When the time comes for an eviction, a group of people gathers at the door of the building where a family is to be legally thrown out of their home. They are neighbors, other family members or just strangers who are interested in protecting the rights of others.
When the judicial commission arrives, the group of citizens explains to the officials - without getting smart-alecky - why they cannot carry out their order. A spokesman then begins to read from the pertinent clauses: Article 25 of the Universal Human Rights Declaration, Article II of the International Covenant on Economic, Social and Cultural Rights, and Article 47 of the Constitution.
Then the commission reads what it has to read and heads off. Group members begin to cry and hug each other - they have won for now, but know the commission will return.
Since May 15, spontaneous events like these have started to pop up everywhere across Spain as citizens begin to demand more social protection. In Barcelona and its vicinity, there have been a dozen or so home evictions that have been halted in this manner. These actions, unprecedented in Spain, are reminiscent of the mass concentrations organized in the 1930s by the American Communist Party in New York and Chicago when landlords came with court orders to evict residents from their homes.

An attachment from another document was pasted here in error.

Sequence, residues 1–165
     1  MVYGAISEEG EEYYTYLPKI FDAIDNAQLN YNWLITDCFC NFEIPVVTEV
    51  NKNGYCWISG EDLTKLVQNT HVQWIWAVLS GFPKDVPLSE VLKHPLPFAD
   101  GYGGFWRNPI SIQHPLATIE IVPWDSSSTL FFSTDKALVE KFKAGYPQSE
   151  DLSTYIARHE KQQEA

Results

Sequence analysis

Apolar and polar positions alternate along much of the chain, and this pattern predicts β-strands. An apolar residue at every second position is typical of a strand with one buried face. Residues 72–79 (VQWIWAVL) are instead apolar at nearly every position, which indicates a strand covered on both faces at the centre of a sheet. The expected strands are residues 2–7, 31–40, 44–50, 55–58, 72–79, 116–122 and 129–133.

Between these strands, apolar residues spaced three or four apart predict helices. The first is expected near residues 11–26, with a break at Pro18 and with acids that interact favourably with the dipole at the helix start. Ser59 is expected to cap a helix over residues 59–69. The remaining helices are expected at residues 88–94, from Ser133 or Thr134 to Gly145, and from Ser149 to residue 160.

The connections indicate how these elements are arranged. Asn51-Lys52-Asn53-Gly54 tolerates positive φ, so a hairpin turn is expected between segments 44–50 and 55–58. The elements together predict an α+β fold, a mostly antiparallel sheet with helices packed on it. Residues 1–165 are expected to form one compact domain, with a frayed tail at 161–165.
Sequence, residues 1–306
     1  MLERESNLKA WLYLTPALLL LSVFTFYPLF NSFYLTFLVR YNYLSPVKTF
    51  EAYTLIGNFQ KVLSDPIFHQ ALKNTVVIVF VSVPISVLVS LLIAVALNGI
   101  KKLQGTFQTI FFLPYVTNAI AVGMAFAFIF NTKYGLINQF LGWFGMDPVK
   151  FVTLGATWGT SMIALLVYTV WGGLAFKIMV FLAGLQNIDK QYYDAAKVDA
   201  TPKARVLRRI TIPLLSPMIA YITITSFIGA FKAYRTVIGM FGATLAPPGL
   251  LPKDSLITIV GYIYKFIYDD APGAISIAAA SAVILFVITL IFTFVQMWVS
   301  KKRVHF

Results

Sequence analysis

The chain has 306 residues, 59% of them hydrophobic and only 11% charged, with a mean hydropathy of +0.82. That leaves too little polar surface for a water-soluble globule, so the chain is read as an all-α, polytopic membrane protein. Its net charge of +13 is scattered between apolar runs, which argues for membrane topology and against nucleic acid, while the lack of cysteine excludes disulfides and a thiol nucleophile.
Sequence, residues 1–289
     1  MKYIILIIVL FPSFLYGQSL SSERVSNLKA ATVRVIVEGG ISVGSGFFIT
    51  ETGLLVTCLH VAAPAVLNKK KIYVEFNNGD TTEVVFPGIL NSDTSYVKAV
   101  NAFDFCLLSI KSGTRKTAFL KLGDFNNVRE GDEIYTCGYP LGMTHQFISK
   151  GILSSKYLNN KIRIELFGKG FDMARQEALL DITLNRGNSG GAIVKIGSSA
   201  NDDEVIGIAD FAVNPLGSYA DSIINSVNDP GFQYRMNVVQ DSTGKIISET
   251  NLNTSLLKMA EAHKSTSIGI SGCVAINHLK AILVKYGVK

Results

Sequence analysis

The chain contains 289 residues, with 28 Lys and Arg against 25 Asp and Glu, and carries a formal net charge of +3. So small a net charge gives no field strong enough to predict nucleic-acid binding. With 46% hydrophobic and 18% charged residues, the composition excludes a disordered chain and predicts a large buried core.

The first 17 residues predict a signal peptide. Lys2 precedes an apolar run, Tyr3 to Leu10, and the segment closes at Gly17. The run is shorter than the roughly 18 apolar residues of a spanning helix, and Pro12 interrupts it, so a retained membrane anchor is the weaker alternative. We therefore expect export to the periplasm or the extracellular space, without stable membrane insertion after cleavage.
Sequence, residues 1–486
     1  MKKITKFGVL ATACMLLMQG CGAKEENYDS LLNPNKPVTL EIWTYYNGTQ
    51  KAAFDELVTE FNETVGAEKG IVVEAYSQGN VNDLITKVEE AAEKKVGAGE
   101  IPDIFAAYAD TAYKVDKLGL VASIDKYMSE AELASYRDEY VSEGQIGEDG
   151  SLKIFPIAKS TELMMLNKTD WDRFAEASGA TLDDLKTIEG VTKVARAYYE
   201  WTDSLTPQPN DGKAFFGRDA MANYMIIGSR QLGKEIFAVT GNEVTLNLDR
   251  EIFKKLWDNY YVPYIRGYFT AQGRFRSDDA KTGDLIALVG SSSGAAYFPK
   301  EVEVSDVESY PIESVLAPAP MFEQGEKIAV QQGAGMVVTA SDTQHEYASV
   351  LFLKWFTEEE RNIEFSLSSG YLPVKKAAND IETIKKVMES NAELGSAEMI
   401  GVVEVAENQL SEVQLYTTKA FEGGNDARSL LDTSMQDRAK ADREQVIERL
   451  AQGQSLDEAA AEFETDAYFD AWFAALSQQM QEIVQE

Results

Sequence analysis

But there is no communist party or revolutionary union behind these groups. Inspired by the May 15 Movement, these citizens are called together through a webpage run by the Mortgage Victims Platform - an association of citizens who got together in 2009 to do something about what they say are unfair mortgage laws. When they learn about an impending eviction, the platform rallies supporters on the given date. Since 2007, there have been some 500,000 evictions throughout Spain.
"Since May 15, we have seen how many groups like ours have been organized throughout the nation, and how more citizens are showing up to stop evictions," says Lucía Delgado, a member of the platform.
In 2010, the Mortgage Victims Platform tried unsuccessfully to get the law changed to allow Spaniards to cancel their mortgage by giving up their homes. But the Socialists voted against the measure and the Popular Party abstained.